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Why pandemic represents 'existential crisis' for performing artists


Notice: Transcripts are machine and human generated and lightly edited for accuracy. They may contain errors.

Judy Woodruff: What happens when the audience isn't there?

We look to the arts for entertainment and comfort, but they are also an important economic engine. Now many artists face a crisis.

Jeffrey Brown reports for canvas and for our ongoing American Creators series on rural arts.

Jeffrey Brown: Across the nation, the financial and psychological hit is profound, as performances everywhere have stopped.

New York's Metropolitan Opera, the country's largest cultural institution, canceled the rest of its season and furloughed its orchestra, chorus and other union workers, citing losses of up to $60 million.

A prominent regional troupe, the Oregon Shakespeare Theater, has as suspended shows through Labor Day and laid off 80 percent of its 500 employees.

Most individual artists are freelance workers, building careers through a patchwork of performances, shows, teaching, waiting tables, whatever it takes.

Boston-based violinist Katherine Winterstein has had a successful life as an artist for decades, before seeing it crash in one 36-hour period last month.

Katherine Winterstein: We don't have a lot of fiscal protections. But the fact that we have a diverse portfolio, you might say, you're insulated, because you may have had a rainy day fund, but none of us has had, like, a monsoon fund or a tsunami fund for a moment like this, when everything has ceased.

Jeffrey Brown: Now there's just remote teaching. And like gig workers across the economy, Winterstein is learning the complexities of the unemployment system.

The CARES Act has offered some relief, but, she says, it's a continuing struggle for many.

Katherine Winterstein: The system is not equipped really to understand our kind of income. So, almost everyone I know has gotten different answers from the system.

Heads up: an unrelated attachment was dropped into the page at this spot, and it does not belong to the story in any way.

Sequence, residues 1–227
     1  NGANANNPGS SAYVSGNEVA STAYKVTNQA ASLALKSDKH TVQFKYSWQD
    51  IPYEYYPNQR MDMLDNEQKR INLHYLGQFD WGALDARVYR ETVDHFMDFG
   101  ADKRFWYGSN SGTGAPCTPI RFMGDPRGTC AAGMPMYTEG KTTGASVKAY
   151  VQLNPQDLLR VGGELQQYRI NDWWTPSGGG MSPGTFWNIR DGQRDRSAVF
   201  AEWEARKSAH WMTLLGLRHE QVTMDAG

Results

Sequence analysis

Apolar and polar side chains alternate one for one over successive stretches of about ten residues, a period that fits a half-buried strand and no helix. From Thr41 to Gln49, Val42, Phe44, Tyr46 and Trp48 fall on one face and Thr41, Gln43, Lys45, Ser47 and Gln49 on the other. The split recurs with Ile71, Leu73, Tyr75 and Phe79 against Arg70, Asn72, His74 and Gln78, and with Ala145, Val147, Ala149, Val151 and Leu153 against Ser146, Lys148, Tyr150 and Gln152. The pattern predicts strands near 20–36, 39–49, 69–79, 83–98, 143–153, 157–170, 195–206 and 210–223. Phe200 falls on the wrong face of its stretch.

Jeffrey Brown: Across the country, in Portland, Oregon, the August Wilson Red Door Project uses theater to address pressing social issues, like the criminal justice system.

Last year, the "NewsHour" profiled a play featuring voices from law enforcement and the local community. In March, the company was set to take one of its shows on tour.

Artistic director and co-founder Kevin Jones:

Kevin Jones: This was going to be our best year, quite frankly. We were looking at producing 20 shows around the country. We took quite a hit. We lost about $300,000 of income. We paid out about $80,000 in salaries to actors and crew.

Jeffrey Brown: Now project team members meet on Zoom. But the art itself is missing, at a moment when the pandemic is exposing disparities Jones and his company wish they could address.

Kevin Jones: We spend a lot of time looking at what's going on, with 70 percent of the victims are black or people of color. And what does that really mean? Is it about race? Is it about culture? Is it about class?

I think all of these things, art is built for.

Jeffrey Brown: For arts groups everywhere now, the outreach is all in the digital, not physical space. To stay connected, many are making archival performances available online.